July 16 (Bloomberg) -- Israeli Prime Minister Benjamin Netanyahu said Israel would accept “no external dictates” on its borders after a European Union decision to restrict subsidies to organizations operating beyond its 1967 borders.
“I would expect that anyone for whom stability and peace in the region is really important to find time to discuss this issue after resolving more urgent problems such as the civil war in Syria and Iran’s race to achieve nuclear weapons,” Netanyahu said in a text message.
The European Commission, the union’s executive arm, said it will soon publish “guidelines” making good on a December pledge to deny EU funding to Israeli organizations in the West Bank, Gaza Strip and Golan Heights.
“All Israeli entities whose place of establishment is within the green line will be considered eligible,” EU spokeswoman Maja Kocijancic told reporters in Brussels today. The green line refers to Israel’s pre-1967 borders.
The guidelines will cover central EU funding and won’t affect contracts between individual European governments and Israel, Kocijancic said. She said the result could be funding restrictions in “a very small number of cases.”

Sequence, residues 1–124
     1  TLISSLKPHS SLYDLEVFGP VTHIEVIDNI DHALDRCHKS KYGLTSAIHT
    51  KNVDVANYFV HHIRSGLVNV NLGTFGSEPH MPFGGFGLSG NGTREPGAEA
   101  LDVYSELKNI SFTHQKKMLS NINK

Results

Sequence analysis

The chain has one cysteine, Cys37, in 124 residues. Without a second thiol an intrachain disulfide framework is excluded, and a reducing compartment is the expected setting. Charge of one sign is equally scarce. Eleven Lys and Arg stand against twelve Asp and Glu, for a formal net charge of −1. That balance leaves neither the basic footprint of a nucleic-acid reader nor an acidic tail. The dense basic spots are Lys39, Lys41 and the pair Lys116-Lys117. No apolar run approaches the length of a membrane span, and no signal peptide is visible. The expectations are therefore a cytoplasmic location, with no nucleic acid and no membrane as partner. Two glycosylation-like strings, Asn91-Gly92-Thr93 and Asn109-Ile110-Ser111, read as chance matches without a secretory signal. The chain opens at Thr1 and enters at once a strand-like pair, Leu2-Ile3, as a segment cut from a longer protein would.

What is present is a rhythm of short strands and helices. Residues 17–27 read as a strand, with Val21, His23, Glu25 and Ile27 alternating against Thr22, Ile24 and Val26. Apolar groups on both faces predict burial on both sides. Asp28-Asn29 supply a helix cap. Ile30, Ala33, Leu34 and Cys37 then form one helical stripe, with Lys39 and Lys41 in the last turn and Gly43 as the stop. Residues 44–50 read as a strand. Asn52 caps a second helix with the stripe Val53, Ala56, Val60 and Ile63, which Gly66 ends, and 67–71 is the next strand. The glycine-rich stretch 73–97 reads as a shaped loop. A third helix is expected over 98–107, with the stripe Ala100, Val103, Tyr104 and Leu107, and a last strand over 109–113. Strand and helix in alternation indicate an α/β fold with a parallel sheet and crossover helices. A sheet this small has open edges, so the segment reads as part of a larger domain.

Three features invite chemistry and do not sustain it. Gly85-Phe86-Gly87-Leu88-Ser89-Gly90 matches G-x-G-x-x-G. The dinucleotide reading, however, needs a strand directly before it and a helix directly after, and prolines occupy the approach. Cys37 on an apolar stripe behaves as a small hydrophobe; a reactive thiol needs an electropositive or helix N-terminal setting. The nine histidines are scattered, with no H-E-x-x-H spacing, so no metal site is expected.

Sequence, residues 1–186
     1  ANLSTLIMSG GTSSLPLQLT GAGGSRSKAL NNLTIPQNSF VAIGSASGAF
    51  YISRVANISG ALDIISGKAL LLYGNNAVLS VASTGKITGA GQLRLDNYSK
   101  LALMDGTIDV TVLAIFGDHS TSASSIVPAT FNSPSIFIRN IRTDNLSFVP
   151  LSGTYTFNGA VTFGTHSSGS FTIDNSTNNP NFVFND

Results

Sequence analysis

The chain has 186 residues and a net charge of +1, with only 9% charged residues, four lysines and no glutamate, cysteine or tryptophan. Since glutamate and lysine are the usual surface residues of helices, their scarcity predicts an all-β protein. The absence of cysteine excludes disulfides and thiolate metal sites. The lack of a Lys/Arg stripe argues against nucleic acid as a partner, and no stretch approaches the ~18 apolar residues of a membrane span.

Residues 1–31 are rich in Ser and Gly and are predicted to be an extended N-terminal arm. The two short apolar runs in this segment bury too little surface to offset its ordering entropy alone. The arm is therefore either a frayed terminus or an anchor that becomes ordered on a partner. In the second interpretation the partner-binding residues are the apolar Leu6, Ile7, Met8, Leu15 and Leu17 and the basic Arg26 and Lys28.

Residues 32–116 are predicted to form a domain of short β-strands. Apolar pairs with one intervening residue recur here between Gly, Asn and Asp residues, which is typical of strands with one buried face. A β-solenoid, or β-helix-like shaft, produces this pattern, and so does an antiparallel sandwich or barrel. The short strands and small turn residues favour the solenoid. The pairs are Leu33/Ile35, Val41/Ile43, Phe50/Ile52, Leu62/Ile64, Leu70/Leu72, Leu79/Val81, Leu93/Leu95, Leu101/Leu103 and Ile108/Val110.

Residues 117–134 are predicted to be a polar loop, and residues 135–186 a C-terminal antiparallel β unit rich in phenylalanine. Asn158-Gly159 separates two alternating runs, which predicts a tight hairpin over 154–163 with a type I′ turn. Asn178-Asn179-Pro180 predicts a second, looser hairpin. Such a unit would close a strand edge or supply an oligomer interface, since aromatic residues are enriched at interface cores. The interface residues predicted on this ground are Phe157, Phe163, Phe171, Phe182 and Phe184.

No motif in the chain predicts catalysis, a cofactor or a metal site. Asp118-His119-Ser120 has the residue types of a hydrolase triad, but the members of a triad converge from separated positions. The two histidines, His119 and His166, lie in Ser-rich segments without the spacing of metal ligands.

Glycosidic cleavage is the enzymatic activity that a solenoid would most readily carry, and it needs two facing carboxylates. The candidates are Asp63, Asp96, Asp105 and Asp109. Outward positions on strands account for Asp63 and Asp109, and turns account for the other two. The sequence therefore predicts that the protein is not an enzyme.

Israeli captured the three areas during the 1967 Middle East War with its Arab neighbors. It has since withdrawn troops and evacuated settlements in Gaza and annexed the Golan in a move that has not been recognized internationally. Israel says the fate of settlements in the West Bank must be resolved in peace negotiations.
The EU decision shows “once again how disconnected Europe is, and why it can’t play a real partnership role in negotiations” between Israel and the Palestinians, Minister of Regional Development Silvan Shalom said today on Army Radio.
Hanan Ashrawi, a member of the Palestine Liberation Organization’s Executive Committee, welcomed what she called a “significant move.”
“The EU has moved from the level of statements, declarations and denunciations to effective policy decisions and concrete steps which constitute a qualitative shift that will have positive impact on the chances of peace,” she said.
The decision comes before a visit to the region this week by U.S. Secretary of State John Kerry, who is trying to revive peace talks that have been suspended since 2010.
To contact the editor responsible for this story: Andrew J. Barden at email@example.com